By Stephen B. Schott
US courts interpret patent claims written in a specific way under a special claim interpretation statute. Claims written in this way include “means plus function” elements that courts interpret under 35 USC 112(f) (often referred to as 35 USC 112(6)).
Most patent practitioners in the US avoid means plus function style claims but they are common in other parts of the world, particularly Europe, and thus sometimes make it into US applications that originate overseas. Further, means plus function claims can be found when a court reads a claim as not explicitly invoking the means plus function statute.
A recent Federal Circuit en banc case shed some light on identifying means plus function cases.
Interpreting Means Plus Function Claims
The statute that governs means plus function claim interpretation reads as follows:
Element in Claim for a Combination.— An element in a claim for a combination may be expressed as a means or step for performing a specified function without the recital of structure, material, or acts in support thereof, and such claim shall be construed to cover the corresponding structure, material, or acts described in the specification and equivalents thereof.
Such a claim element might read like this:
“release means for retaining the guide in the charged position.”
A court interpreting such a claim follows 35 USC 112(f) above and first identifies the claimed function and then looks to the patent specification for the structure that performs this function. From the patent owner’s perspective, this method of claim interpretation is potentially problematic for two reasons: (1) If the specification fails to show a corresponding structure, a court will consider that the means plus function term is indefinite and the claim is invalid, or (2) The structure in the specification often provides a narrower interpretation of a claim element than the patent owner would want.
Thus in the US, many patent drafters try to avoid means plus function claims. Dennis Crouch at Patently O has charted an ongoing decline in the number of claims that use means plus function language (and interestingly the number of patents using language that is functional but lacks the magic “means” word has increased.)
Unclear Claims May Be Interpreted as Means Plus Function Claims
The Federal Circuit’s en banc Richard A. Williamson v. Citrix Online, LLC opinion may make it a little more challenging to avoid interpretation under the means plus function statute.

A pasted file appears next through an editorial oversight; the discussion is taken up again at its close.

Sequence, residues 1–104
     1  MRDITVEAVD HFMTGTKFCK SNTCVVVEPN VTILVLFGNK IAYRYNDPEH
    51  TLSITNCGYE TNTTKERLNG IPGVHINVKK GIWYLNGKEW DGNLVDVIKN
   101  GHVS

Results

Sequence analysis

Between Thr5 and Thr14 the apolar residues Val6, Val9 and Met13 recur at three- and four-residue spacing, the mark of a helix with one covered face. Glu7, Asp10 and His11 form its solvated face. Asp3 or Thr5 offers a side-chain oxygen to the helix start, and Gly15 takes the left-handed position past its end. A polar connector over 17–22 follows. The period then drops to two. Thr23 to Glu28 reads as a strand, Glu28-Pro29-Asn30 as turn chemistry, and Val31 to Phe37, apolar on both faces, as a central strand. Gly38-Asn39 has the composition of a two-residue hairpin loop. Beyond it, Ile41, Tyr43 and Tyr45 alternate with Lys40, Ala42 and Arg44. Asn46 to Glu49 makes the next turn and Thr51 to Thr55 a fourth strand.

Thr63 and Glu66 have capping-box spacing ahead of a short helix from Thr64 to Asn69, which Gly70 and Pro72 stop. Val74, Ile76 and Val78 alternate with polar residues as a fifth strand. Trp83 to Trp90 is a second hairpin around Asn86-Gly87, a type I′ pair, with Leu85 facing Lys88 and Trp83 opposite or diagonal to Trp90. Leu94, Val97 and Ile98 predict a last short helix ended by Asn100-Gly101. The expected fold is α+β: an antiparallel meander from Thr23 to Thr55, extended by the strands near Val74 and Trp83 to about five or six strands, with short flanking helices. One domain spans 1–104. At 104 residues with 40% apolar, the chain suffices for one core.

In the claim at issue, the element that the Federal Circuit scrutinized to determine if it was written in means plus form was this:
a distributed learning control module for receiving communications transmitted between the presenter and the audience member computer systems and for relaying the communications to an intended receiving computer system and for coordinating the operation of the streaming data module.
If the claim had been written as a “distributed learning control means for receiving…” its interpretation as a means plus function would be clear. But because the claim used the word “module,” the issue arose as to whether the court should apply 35 USC 112(f).
The court reviewed its precedent and in particular, a line of cases that held that where a claim does not use “means,” there is a “strong” presumption that 35 USC 112(f) does not apply. It rejected this “strong” presumption and adopted a slightly broader view of when 35 USC 112(f) applies:
The standard is whether the words of the claim are understood by persons of ordinary skill in the art to have a sufficiently definite meaning as the name for structure. Greenberg, 91 F.3d at 1583. When a claim term lacks the word “means,” the presumption can be overcome and § 112, para. 6 will apply if the challenger demonstrates that the claim term fails to “recite sufficiently definite structure” or else recites “function without reciting sufficient structure for performing that function.” Watts, 232 F.3d at 880. The converse presumption remains unaffected: “use of the word ‘means’ creates a presumption that § 112, ¶ 6 applies.” Personalized Media, 161 F.3d at 703.
The court found that the limitation was subject to interpretation as a means-plus-function limitation. As noted above, these means-plus-function limitations require disclosure in the patent specification of adequate “corresponding structure” to perform the claimed function. The court found that the specification failed to disclose this structure and held the patent invalid.
The takeaway is that if a claim drafter wants to avoid the means plus function claim interpretation rules, they should draft claims that steer further from any linguistic construction that is similar to the traditional means plus function language.
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